227,000 families and individuals across Britain are experiencing the worst forms of homelessness, new research from homelessness charity Crisis reveals today.
This includes people sleeping on the streets, stuck in insecure accommodation like B&Bs, or forced to sleep in cars and sheds.
The research, led by Heriot Watt University, shows 227,000 households on any given night are without a home to call their own. Most of these households are in England, not just because of the larger population, but also because there are higher levels of homelessness than in Scotland and Wales.
0.86% of all households in England are experiencing homelessness on any given night, compared with 0.69% in Wales and 0.57% in Scotland. These different rates of core homelessness across the three nations are due to the different housing and homelessness policies in place. For example, Crisis points out that in Scotland rates are lower than in England due to factors such as a better supply of social housing and more inclusive access homelessness services.
Some of the more common forms of homelessness include those living in unsuitable temporary accommodation such as B&Bs for extended periods of time. Nearly 25,000 families and individuals are living this way, including 22,600 households across England alone. Levels are rapidly increasing, as the number of households experiencing this form of homelessness in England is three times what it was in 2012.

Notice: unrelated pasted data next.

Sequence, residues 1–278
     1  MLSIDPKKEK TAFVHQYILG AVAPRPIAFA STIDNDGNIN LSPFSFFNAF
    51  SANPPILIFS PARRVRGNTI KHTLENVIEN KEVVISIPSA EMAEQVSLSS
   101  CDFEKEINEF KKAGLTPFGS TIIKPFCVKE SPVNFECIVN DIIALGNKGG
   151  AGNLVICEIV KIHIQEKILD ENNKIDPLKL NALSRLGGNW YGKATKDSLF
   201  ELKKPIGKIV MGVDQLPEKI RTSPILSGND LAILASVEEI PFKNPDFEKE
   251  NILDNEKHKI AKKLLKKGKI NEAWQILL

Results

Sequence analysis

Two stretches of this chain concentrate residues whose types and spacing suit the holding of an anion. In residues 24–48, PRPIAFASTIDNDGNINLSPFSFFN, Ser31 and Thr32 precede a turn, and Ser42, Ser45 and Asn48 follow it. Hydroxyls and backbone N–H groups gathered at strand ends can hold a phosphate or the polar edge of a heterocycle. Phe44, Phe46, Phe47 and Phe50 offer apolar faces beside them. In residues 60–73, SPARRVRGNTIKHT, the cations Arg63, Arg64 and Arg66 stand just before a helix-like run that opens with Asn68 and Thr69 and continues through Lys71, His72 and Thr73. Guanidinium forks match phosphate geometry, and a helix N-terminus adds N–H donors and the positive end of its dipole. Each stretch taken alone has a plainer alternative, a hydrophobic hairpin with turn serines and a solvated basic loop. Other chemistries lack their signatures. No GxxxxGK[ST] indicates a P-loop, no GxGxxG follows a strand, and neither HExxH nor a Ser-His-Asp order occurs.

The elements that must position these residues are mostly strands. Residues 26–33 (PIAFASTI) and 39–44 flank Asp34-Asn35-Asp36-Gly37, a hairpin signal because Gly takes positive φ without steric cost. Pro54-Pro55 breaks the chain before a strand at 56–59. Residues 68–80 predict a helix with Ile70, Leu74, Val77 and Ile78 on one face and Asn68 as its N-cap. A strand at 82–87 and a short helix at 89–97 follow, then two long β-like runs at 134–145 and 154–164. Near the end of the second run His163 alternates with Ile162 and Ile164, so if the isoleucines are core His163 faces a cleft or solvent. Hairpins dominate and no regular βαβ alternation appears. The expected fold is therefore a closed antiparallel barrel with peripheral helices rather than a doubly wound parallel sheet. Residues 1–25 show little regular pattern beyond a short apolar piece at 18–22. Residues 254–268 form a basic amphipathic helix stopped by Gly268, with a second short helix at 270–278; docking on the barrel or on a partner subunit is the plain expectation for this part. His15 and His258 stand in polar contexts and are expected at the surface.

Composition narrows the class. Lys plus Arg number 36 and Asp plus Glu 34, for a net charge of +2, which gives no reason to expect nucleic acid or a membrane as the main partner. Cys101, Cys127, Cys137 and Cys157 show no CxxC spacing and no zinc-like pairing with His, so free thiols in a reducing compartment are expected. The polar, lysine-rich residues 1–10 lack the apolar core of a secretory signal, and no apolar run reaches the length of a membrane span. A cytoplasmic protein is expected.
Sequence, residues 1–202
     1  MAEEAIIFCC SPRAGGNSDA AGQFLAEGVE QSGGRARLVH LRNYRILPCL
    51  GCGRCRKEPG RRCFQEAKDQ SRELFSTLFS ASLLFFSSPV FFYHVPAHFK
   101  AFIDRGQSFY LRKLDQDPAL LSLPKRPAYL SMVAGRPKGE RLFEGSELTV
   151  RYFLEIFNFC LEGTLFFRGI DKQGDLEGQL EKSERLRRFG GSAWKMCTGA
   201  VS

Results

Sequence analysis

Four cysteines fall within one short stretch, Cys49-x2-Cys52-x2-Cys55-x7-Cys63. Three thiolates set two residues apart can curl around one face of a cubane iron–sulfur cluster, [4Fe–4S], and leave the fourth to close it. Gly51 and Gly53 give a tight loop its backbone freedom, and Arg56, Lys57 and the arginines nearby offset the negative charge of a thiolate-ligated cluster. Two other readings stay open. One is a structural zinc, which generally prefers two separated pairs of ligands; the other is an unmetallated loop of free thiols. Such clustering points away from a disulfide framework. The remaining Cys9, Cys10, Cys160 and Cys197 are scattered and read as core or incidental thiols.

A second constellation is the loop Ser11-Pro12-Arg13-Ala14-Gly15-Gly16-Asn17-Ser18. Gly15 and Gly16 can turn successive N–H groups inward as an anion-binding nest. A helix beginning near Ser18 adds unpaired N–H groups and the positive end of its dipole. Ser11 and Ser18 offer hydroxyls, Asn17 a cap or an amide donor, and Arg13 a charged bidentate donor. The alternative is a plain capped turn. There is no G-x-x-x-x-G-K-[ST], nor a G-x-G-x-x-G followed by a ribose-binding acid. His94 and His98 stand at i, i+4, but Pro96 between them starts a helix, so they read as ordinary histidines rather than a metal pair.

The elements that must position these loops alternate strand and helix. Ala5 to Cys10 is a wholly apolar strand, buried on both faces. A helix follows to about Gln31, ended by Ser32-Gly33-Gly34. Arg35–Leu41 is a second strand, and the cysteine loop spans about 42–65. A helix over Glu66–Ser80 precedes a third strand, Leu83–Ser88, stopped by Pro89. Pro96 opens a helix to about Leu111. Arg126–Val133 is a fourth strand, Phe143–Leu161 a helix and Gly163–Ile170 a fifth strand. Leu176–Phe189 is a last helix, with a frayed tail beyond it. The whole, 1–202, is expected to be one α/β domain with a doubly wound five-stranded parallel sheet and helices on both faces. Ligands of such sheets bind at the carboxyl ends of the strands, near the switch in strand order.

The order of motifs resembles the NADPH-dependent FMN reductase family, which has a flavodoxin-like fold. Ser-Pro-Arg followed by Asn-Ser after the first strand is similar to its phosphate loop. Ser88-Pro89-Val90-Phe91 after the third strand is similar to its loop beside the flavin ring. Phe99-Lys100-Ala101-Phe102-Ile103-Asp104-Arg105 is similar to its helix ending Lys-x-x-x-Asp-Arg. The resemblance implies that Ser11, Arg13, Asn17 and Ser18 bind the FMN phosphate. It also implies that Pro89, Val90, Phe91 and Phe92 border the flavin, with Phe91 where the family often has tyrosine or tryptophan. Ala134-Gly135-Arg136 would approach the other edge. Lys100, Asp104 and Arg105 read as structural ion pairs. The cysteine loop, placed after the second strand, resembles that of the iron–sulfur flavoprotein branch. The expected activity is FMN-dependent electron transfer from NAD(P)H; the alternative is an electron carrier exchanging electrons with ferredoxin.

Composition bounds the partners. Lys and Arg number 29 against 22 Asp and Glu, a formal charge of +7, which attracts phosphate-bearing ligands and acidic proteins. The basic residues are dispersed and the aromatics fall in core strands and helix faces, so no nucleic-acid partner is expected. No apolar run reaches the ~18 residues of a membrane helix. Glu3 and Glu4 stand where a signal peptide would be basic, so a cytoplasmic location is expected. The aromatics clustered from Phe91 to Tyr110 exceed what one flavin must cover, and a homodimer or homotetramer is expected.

Although homelessness levels are already high, they are predicted to rise in the immediate future and even more over the next 20 years if the right action isn’t taken to address it. Around 350,000 households in Britain are predicted to experience homelessness by 2041, of which over 320,000 will be in England.
These new figures include the period the Westminster Government introduced the Everyone In scheme last year in response to the pandemic. This provided emergency accommodation for people sleeping rough and showed what can be achieved through direct action and support, to help people out of homelessness. Similar initiatives to provide emergency accommodation were also launched by the governments in Scotland and Wales where this support, such as providing self-contained accommodation in Wales, is ongoing.
However, a cut to Universal Credit, a freeze to housing benefit and a lifting of the ban on evictions in 2021 have pushed more people into homelessness. Rising COVID-19 cases are putting more people at risk as the impact of the pandemic continues. Earlier this week, the Westminster Government announced £28 million to provide funding for emergency accommodation for people who are homeless and to encourage vaccination. But Crisis highlights how having a home to call your own is crucial to protect people’s health, and its research shows thousands of people are without this security. Other factors, like the insecurity of jobs in the hardest hit sectors, are putting further pressure on people.